In nearby Shyrokyne village, the SMM noted that a calm situation prevailed. It observed, however, a crater, which, after analysis, it concluded had been caused by an 82mm mortar. According to local people, the round had killed a 47-year-old man on 29 April. The SMM assessed that the round had been fired from a position to the west. As the SMM was leaving the village at 16.15hrs, it heard small-arms and mortar fire in the north-west of the village.
The general calm in the Berdianske-Shyrokyne area came to an end at 16:30hrs, when an intensive exchange of tank, mortar and anti-aircraft rounds began, which continued even as the SMM left the area at 19.20hrs.
In Lugansk region things have been relatively calm.
Here are several observations by the OSCE about Right Sector:
In government-controlled Pervomaiske (16km north-west of Donetsk), Ukrainian Armed Forces soldiers told the SMM that a Pravyy Sektor (Right Sector) medical unit in the area had been replaced by a Ukrainian Armed Forces medical unit.
Also in Kyiv, the spokesperson for the Pravyy Sektor (Right Sector) told the SMM that the Pravyy Sektor volunteer battalion had not integrated into regular Ukrainian military structures. He said one proposal – placing the battalion under the control of the National Guard – had been rejected because the National Guard is under the authority of the Ministry of Internal Affairs, which the interlocutor said had still to be “lustrated”. A subsequent proposal – allowing individual Pravyy Sektor members to enlist in the Armed Forces – was also unacceptable, according to the interlocutor, as it would have entailed the dissolution of the battalion.
The OSCE continues to see other ceasefire violations:
In government-controlled Stanytsia Luhanska (16km north-east of Luhansk), the SMM noted two houses next to a Ukrainian Armed Forces checkpoint, one destroyed and the other damaged. Checkpoint personnel and local residents told the SMM that a barrage of small arms, anti-aircraft, and automatic grenade launcher fire – emanating from across the bridge in “Lugansk People’s Republic” (“LPR”)-controlled territory – had been directed towards the checkpoint for four hours in the evening of 10 May. Interlocutors explained that a gas explosion had resulted, causing the damage to the houses. A fire brigade was on the scene.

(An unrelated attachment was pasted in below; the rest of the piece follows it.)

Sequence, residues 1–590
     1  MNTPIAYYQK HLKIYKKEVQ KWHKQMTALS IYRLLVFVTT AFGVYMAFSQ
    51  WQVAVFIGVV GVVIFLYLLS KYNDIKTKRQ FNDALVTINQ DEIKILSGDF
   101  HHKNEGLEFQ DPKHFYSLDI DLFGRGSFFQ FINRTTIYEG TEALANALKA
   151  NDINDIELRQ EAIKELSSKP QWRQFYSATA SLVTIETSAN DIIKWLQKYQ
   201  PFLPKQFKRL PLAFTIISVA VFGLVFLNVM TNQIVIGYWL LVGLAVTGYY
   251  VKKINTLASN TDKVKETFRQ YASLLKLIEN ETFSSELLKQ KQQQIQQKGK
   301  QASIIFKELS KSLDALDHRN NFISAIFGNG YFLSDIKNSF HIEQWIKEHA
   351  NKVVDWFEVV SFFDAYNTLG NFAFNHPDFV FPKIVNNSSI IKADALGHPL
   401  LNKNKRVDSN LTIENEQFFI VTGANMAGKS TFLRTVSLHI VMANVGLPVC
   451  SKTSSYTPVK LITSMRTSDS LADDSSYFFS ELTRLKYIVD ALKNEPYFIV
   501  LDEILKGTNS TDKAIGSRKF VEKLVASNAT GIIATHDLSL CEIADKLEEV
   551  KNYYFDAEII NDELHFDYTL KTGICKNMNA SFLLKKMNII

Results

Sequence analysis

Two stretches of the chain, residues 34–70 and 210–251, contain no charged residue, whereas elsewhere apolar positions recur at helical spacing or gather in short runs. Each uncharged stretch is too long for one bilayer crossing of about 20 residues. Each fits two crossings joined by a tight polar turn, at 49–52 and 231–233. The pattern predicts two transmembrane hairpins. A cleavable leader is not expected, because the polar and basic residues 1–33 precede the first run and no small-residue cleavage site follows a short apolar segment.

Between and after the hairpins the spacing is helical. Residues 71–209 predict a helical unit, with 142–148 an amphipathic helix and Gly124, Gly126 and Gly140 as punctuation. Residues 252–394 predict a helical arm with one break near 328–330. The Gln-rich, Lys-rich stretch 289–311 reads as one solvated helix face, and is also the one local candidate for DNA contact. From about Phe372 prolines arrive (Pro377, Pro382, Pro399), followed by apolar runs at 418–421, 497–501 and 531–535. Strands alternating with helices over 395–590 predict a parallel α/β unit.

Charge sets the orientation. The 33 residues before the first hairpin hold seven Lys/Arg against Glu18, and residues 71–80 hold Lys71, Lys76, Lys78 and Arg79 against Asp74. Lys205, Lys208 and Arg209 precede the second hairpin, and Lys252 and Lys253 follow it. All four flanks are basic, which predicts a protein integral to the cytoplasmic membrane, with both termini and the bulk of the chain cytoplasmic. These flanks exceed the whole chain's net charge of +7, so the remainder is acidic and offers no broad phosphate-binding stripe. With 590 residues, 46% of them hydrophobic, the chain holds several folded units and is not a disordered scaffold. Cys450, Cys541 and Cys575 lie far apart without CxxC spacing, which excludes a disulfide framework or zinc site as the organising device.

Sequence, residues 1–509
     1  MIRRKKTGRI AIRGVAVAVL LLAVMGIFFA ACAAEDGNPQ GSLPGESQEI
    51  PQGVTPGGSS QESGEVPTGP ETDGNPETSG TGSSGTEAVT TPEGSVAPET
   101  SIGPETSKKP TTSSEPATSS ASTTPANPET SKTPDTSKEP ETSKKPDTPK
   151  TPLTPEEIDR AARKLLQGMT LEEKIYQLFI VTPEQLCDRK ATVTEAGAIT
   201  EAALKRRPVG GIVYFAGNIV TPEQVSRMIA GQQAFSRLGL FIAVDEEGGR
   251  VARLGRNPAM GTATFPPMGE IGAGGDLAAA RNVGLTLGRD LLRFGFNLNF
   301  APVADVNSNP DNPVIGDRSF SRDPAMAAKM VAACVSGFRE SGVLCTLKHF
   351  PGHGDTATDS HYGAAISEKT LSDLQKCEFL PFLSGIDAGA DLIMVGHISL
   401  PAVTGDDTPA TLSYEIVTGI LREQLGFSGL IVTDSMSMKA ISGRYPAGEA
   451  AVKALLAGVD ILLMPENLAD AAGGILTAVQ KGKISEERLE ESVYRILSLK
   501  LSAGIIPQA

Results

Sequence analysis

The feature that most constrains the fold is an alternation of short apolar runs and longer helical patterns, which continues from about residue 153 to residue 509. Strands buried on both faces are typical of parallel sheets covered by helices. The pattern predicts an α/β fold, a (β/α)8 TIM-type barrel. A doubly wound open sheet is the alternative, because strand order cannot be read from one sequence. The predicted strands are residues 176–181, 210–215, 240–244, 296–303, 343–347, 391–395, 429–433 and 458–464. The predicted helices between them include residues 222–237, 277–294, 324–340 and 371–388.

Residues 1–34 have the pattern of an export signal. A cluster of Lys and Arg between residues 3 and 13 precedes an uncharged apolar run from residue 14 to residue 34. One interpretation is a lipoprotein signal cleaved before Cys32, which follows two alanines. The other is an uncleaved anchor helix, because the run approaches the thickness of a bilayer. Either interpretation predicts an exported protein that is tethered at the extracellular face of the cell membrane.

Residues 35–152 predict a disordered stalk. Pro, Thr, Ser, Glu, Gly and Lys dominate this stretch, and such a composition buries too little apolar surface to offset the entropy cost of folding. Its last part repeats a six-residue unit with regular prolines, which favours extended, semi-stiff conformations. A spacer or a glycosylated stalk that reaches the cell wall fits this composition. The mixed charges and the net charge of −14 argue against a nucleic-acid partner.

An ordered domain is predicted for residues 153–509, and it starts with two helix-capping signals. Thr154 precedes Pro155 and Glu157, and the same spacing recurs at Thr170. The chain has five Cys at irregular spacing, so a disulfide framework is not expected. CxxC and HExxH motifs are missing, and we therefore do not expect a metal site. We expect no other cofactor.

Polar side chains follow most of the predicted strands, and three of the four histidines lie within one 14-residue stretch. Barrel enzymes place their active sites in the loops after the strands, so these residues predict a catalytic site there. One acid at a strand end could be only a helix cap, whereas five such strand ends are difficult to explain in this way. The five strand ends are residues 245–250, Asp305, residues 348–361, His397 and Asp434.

Despite claims that withdrawal of heavy weapons was complete, the SMM observed the following weapons’ movement/presence in areas that are in violation of the Minsk withdrawal lines: (i) in “LPR”-controlled areas, three artillery pieces (122mm D-30); and, (ii) in government-controlled areas, six tanks (T-64).
The entire report can be read here.
— James Miller
When Russian opposition leader Boris Nemtsov wrote a detailed report on the Sochi Winter Olympics, which was translated by The Interpreter, it was important not only because of its substance — though the waste of $50 billion and the astonishing level of corruption makes the report important on its own — but the fact that the report worked to undermine Putin’s narrative.
Nemtsov methodically documented the corruption, the cronyism, and the theft of taxpayer funds, thus souring an event which was designed to be Putin’s triumph.
At the time of his murder, Nemtsov was working on a new report, “Putin. War.” which was to detail the Russian military intervention in Crimea and eastern Ukraine.